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Tracking changes in Migrate with dynamic row hashes

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When it comes to Drupal and external data, I use Migrate. A lot. Like a lot, lot, lot. Many times this data is being imported over CSV files that are pushed to a server at some defined interval. Usually, the data can be derived directly from the CSV file itself, other times a custom process plugin derives data from other information. Drupal's Migrate system has two steps to check if new data should be imported or skipped. First, you can tell the migration source to track changes for each row. Then, if you are tracking changes, it hashes each row of data to see if it has been changed. If you have changes in your data source, it will insert the new record or update the previously migrated record.

Why would you need this? Here's my use case. I have an entity which references a subset of other entities migrated in another process. I use a process plugin to determine which of those other entities can be referenced. The decision can change over time without my source files changing their data. We have a script which executes migrations every hour.

Honestly, this took me longer to discover than I would have preferred. And that's due to the fact YAML doesn't have an easy way to inspect the schema its system allows. Eventually, I made my way to the \Drupal\migrate\Plugin\migrate\source\SourcePluginBase class, which defines the schema for the source property on a migration. Then I discovered this!

   * Flags whether to track changes to incoming data.
   * If TRUE, we will maintain hashed source rows to determine whether incoming
   * data has changed.
   * @var bool
  protected $trackChanges = FALSE;

I manually overrode this in my source plugin class. You would do this in your migration

  plugin: csv
  path: 'private://myfile.csv'
  delimiter: ';'
  header_row_count: 1
  # Set this and make it true.
  track_changes: true
    - SKU

Note: I also had to disable cache counts. I can't remember if this was way, but I did. The property and config key are cacheCounts and cache_counts respectively.

Okay, so now your migration will detect new rows in your source file ??. If a row has value changes, Migrate will detect these and import the row if anything has changed. See the following from \Drupal\migrate\Plugin\migrate\source\SourcePluginBase::prepareRow

    elseif ($this->trackChanges) {
      // When tracking changed data, We want to quietly skip (rather than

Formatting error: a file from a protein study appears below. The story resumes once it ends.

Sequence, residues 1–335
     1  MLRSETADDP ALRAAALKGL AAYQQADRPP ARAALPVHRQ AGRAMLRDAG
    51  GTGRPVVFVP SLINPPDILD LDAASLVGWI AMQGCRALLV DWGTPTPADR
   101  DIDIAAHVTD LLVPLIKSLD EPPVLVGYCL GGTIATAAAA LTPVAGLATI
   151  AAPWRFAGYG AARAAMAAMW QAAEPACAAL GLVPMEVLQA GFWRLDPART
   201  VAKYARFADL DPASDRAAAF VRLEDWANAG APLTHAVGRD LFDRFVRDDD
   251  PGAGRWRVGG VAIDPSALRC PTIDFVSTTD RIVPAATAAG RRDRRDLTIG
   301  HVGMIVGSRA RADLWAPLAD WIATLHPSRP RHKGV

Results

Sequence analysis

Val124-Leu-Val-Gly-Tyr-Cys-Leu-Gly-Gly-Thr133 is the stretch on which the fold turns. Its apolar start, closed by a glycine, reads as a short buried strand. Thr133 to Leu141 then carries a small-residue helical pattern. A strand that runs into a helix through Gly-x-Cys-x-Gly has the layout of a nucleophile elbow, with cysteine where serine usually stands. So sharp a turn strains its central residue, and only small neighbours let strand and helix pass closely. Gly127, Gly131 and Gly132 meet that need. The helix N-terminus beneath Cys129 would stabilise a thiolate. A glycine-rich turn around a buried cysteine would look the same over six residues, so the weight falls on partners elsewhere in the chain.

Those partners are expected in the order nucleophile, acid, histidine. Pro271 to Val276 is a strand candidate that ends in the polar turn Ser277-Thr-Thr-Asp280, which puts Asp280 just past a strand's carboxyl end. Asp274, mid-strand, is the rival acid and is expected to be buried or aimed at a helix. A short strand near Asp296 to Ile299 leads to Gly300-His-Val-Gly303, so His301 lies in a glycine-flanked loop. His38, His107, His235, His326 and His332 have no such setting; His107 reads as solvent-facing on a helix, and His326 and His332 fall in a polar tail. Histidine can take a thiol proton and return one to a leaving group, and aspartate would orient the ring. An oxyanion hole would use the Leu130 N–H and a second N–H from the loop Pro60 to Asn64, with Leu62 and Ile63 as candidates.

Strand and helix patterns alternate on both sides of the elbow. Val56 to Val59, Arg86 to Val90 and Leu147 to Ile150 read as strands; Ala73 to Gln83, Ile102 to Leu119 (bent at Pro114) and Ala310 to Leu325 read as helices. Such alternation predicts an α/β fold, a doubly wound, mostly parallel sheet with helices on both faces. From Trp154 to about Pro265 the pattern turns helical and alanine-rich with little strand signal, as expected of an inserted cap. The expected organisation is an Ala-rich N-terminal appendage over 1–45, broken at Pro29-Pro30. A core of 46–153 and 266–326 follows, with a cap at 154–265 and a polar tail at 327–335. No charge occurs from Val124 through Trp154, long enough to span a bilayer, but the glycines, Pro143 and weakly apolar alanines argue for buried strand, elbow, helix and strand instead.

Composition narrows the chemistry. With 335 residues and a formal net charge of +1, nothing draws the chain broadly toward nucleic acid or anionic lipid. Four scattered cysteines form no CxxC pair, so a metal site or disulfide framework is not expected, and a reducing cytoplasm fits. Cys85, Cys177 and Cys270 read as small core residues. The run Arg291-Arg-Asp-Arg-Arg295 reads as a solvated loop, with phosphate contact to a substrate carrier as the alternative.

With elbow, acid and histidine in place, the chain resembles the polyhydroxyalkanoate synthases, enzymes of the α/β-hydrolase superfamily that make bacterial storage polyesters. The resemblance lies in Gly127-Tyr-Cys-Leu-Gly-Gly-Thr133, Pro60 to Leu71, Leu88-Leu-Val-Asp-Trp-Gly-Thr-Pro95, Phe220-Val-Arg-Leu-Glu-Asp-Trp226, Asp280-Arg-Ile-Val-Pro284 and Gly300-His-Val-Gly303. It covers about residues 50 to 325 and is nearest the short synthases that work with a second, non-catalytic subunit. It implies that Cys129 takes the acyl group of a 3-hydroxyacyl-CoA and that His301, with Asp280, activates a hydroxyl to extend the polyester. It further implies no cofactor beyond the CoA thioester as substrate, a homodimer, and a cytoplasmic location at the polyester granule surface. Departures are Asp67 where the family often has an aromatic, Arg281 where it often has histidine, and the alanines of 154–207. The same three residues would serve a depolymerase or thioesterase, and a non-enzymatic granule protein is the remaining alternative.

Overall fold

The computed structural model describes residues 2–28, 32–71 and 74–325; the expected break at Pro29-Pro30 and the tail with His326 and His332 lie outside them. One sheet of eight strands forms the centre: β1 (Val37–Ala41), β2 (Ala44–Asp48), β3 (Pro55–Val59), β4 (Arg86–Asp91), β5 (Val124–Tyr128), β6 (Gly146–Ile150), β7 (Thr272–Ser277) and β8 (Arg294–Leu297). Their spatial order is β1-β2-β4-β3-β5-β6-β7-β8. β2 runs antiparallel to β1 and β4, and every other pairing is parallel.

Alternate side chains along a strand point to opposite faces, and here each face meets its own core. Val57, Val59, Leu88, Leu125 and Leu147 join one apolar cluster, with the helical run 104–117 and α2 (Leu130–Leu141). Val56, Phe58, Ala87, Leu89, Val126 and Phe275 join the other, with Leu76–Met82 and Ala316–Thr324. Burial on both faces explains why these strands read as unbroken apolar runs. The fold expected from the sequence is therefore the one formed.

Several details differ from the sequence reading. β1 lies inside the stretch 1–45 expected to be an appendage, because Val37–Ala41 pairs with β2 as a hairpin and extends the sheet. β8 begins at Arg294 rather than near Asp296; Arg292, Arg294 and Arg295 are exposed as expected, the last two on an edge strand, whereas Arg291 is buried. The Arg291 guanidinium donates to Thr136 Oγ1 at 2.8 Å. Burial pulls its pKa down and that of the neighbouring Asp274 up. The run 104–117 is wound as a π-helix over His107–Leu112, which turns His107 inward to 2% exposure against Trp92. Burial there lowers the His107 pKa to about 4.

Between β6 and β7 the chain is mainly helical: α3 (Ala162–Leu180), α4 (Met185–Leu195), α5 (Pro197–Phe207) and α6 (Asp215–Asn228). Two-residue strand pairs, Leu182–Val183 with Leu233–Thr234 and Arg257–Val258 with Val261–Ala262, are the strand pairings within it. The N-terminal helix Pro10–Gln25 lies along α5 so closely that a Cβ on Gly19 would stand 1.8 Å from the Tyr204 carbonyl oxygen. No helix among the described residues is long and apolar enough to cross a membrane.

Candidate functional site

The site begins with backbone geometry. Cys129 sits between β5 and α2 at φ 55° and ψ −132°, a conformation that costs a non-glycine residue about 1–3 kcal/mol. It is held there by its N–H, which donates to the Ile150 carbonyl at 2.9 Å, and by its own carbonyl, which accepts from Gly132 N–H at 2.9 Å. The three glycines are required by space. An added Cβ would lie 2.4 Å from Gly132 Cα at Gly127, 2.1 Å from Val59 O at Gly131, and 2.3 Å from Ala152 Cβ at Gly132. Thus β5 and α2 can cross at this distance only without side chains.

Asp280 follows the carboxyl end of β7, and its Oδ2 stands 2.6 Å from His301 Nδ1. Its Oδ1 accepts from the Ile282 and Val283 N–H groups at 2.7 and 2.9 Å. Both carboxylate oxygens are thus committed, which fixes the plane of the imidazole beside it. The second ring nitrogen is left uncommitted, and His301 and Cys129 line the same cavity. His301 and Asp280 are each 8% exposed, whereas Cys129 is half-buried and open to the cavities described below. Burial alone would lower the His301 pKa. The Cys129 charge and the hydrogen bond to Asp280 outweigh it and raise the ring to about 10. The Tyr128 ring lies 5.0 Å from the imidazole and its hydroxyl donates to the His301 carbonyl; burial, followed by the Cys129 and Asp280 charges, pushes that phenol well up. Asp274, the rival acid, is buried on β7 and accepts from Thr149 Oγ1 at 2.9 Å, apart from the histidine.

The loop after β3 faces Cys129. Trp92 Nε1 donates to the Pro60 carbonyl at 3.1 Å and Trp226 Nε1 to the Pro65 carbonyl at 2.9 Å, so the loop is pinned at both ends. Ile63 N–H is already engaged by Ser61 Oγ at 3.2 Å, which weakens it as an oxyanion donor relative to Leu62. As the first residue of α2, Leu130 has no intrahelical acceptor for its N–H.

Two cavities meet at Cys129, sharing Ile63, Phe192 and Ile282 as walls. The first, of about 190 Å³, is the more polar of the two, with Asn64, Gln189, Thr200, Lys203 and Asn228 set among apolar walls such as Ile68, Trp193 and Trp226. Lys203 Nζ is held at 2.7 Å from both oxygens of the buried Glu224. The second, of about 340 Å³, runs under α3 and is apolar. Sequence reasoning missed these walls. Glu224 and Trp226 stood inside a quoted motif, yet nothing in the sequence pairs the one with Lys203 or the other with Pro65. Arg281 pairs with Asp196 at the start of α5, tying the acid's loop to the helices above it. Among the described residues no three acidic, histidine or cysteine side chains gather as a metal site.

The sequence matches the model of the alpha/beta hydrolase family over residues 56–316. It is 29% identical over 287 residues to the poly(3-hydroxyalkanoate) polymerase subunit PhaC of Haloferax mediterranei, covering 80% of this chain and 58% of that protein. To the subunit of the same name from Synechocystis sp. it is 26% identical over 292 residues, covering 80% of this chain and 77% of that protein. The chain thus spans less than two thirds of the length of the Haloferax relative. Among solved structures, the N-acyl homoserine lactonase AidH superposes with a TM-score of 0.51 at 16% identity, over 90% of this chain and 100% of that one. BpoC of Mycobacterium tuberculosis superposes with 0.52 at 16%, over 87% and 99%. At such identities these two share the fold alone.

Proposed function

// "ignore") rows with changes. The caller needs to make that decision,
      // so we need to provide them with the necessary information (before and
      // after hashes).

The migration rehashes the row and later checks if that hash value changed. Here's how that hash is generated in \Drupal\migrate\Row::rehash:

   * Recalculates the hash for the row.
  public function rehash() {
    $this->idMap['original_hash'] = $this->idMap['hash'];
    $this->idMap['hash'] = hash('sha256', serialize($this->source));

Now. How do we "bust" that row hash if a process plugin will possibly change data? The process plugin reads values from our source. That source did not change. The fix? Use a hook to alter the row's source values and add metadata! Note that I said hook. Most interactions with Migrate are event driven, but the operation we need here is a hook.

The solution is to implement hook_migrate_MIGRATION_ID_prepare_row and add metadata values to the row's source values. These are harmless and can act as hash invalidators. In my case, I use this to query the number of references in my entity reference. If the number goes up or down, my data is updated and its updated references respected. It's magic!


use Drupal\migrate\Plugin\MigrateSourceInterface;
use Drupal\migrate\Plugin\MigrationInterface;
use Drupal\migrate\Row;

 * Implements hook_migrate_MIGRATION_ID_prepare_row().
 * Determine the number of references to influence the hash.
function mymodule_migrate_MIGRATION_ID_prepare_row(Row $row, MigrateSourceInterface $source, MigrationInterface $migration) {
  $database = \Drupal::database();
  // This property is the identifier on the remote table.
  $sku = $row->getSourceProperty('MY_SOURCE_VALUE');
  $query = $database
    ->condition('COLUMN', $sku);

  $count = (int) $query

  // Set the count as a
  $row->setSourceProperty('entity_count', $count);

Viola! Now on each migration run any changes in referenced entities causes that row's mapped entity record to be updated.

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